To get where I'm going, I often have to navigate some of the busiest intersections in Washington County. It's not fun. I'm a supporter of bike lanes, and bike lanes are fairly plentiful around here, but the plain fact of the matter is that sticking a lane at the side of a busy street doesn't necessarily make it safer for anybody, least of all the cyclist. Depending on traffic patterns, time of day, weather, etc., sometimes all a bike lane does is make it easier to predict where the accident will happen.
That being said, I do have a couple of things working for me. Cyclists have the advantage of being able to hear traffic, as well as see it. (Wear your iPhone's ear buds while you ride if you want; not me. Also, as most cyclists will attest, this advantage does not extend to having hybrid cars coming up behind you; they're dangerously quiet.) A second advantage is my trusty bike mirror, which I've used regularly for years and can't imagine riding in traffic without.
(Actually, I have a third thing working for me, if you count relentless paranoia in traffic, but that one really doesn't advance the present story.)
The thing is, the mirror -- which clips onto the temple shaft of my glasses --may look sort of odd to the bystander, but for the wearer it's no different than the rear-view mirror in your car: When you're using it, you focus on it immediately and unconsciously. When you're not using it, you don't even notice it's there.
Which is why I usually forget I'm wearing it when I go into a store. It's not that uncommon for me to be walking down, say, the frozen vegetables aisle and notice people staring surreptitiously, their eyes darting at me, then darting away. For a long time, it was sort of a Barry White moment. I would stand a little straighter, toss my head back, tuck my helmet under my arm military-style, get a certain swagger in my step. You know.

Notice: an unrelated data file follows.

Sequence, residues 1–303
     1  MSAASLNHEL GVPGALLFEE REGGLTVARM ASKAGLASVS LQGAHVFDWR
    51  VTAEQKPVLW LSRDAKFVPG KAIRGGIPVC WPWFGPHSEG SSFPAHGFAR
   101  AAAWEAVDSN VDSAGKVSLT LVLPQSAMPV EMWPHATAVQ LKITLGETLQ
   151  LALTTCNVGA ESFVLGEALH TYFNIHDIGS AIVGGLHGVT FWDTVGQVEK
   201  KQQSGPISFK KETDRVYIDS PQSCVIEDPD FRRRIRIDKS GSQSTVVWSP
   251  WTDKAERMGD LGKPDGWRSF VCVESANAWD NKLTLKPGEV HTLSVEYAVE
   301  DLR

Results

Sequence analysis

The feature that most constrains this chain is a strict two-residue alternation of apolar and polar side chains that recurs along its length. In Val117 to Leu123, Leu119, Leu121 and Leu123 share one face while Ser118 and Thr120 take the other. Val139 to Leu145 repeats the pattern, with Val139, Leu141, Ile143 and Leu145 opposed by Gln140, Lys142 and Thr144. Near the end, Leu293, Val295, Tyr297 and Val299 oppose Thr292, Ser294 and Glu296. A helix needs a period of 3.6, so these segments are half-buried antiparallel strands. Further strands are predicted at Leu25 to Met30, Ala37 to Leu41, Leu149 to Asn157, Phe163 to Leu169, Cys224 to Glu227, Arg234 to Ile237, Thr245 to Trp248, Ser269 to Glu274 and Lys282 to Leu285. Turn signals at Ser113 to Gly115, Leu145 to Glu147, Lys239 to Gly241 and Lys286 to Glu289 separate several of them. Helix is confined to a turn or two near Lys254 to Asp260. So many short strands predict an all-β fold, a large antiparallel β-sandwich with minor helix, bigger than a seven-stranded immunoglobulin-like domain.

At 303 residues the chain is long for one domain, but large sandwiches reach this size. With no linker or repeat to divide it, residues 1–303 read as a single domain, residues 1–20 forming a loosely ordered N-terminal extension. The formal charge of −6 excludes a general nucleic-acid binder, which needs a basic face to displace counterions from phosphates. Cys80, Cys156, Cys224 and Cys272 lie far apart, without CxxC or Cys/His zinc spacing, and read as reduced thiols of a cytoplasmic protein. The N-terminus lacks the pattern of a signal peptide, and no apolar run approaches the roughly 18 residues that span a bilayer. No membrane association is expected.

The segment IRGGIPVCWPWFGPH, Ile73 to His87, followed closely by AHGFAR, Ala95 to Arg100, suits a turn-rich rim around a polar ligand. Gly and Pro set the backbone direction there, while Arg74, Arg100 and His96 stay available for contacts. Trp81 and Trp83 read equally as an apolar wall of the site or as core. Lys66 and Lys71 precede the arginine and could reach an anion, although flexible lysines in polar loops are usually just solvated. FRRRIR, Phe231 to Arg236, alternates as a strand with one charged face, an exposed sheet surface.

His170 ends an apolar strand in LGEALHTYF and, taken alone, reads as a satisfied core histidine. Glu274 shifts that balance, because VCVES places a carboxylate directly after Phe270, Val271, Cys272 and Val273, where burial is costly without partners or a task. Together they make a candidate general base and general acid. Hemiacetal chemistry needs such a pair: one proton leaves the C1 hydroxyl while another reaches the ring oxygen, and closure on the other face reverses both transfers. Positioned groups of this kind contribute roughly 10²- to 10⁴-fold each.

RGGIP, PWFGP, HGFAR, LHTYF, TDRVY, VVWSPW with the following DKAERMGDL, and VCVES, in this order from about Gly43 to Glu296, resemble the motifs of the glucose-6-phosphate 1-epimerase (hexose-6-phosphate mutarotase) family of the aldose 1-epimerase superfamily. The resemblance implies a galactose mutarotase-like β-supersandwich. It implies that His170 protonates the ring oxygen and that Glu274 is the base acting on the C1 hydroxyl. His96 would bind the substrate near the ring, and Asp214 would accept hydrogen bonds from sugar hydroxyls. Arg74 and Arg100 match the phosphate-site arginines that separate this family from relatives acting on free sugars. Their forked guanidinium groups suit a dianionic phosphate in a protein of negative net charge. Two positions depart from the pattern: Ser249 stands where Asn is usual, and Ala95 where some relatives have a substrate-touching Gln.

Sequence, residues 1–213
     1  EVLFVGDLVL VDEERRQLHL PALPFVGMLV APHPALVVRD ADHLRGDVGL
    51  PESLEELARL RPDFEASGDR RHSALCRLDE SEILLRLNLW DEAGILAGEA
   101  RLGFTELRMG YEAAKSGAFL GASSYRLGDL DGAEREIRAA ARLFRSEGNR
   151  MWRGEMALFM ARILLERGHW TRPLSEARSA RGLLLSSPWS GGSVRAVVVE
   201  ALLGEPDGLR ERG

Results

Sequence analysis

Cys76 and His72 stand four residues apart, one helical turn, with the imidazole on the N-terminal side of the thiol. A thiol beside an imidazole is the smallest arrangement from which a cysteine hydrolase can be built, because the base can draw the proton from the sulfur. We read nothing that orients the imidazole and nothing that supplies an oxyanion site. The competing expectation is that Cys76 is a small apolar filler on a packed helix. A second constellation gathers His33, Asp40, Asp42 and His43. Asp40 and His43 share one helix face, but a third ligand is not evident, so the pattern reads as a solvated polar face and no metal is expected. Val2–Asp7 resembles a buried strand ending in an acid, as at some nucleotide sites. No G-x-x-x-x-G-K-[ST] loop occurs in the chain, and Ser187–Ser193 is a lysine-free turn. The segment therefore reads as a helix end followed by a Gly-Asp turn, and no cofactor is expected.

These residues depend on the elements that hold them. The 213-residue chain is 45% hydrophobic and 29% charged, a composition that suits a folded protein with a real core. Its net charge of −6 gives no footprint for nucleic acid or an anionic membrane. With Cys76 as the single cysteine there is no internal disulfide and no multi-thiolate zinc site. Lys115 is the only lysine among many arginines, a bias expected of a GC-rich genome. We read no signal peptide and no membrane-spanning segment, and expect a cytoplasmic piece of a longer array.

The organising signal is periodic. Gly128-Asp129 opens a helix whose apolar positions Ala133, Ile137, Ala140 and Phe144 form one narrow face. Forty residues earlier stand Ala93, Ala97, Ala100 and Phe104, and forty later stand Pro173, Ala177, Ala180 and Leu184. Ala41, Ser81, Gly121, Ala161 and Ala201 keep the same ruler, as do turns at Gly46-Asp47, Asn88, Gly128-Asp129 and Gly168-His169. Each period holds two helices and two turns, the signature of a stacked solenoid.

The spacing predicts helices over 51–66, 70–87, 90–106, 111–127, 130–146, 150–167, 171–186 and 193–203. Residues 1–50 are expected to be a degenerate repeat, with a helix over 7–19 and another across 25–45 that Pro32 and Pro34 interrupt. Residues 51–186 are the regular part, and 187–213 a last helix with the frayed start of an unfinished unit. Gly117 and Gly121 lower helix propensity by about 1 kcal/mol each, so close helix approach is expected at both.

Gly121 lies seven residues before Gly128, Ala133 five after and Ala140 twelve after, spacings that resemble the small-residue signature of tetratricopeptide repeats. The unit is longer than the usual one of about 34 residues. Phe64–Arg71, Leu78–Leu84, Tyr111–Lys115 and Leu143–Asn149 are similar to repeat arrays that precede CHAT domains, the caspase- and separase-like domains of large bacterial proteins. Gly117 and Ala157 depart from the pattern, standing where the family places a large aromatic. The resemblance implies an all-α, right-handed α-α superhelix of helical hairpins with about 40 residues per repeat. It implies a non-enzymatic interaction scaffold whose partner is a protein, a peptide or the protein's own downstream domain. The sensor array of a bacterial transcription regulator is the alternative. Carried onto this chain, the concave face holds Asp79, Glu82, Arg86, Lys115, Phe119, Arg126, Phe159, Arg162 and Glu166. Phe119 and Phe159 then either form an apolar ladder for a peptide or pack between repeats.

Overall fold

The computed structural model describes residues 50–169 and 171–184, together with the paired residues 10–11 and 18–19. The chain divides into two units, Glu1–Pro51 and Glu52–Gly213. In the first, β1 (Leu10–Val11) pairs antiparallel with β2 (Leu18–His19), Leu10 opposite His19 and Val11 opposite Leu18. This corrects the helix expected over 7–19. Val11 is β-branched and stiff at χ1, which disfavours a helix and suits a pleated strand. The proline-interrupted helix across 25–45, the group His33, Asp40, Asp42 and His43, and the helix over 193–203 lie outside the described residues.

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Uh-huh. That's right. We got it together, didn't we?
Yes, it was a wonderful feeling, until the day the needle scratched across the record and I realized, Oh, damn -- they're just staring at the stupid mirror.
This was a serious let-down. All that time I was thinking Uh-huh, that's right, and they were thinking, Good lord, who let that cyborg geezer into the building?
All of which leads up to me stopping in at the local megafood place late yesterday afternoon and deciding, as I walked in the sliding doors, to take the damned mirror off and stuff it in my jacket pocket for once. The good news: No sidelong cyborg stares. The bad news: Somewhere in the store, filled with shoppers, I apparently dragged the mirror out of my pocket and onto the floor, where it got kicked under a display, or trampled under foot, or pocketed by some other shopper, or whatever.
I backtracked through the store but didn't find it. Lost and Found had nothing.
Faced with the prospect of making it home, in rush hour, in the dark, in a slight drizzle, without the mirror, I went straight to a bike shop a couple of blocks away and bought a new one.
And rather than risk losing this one by taking it off next time, I'm leaving it on. Stare if you want.
Uh-huh. That's right.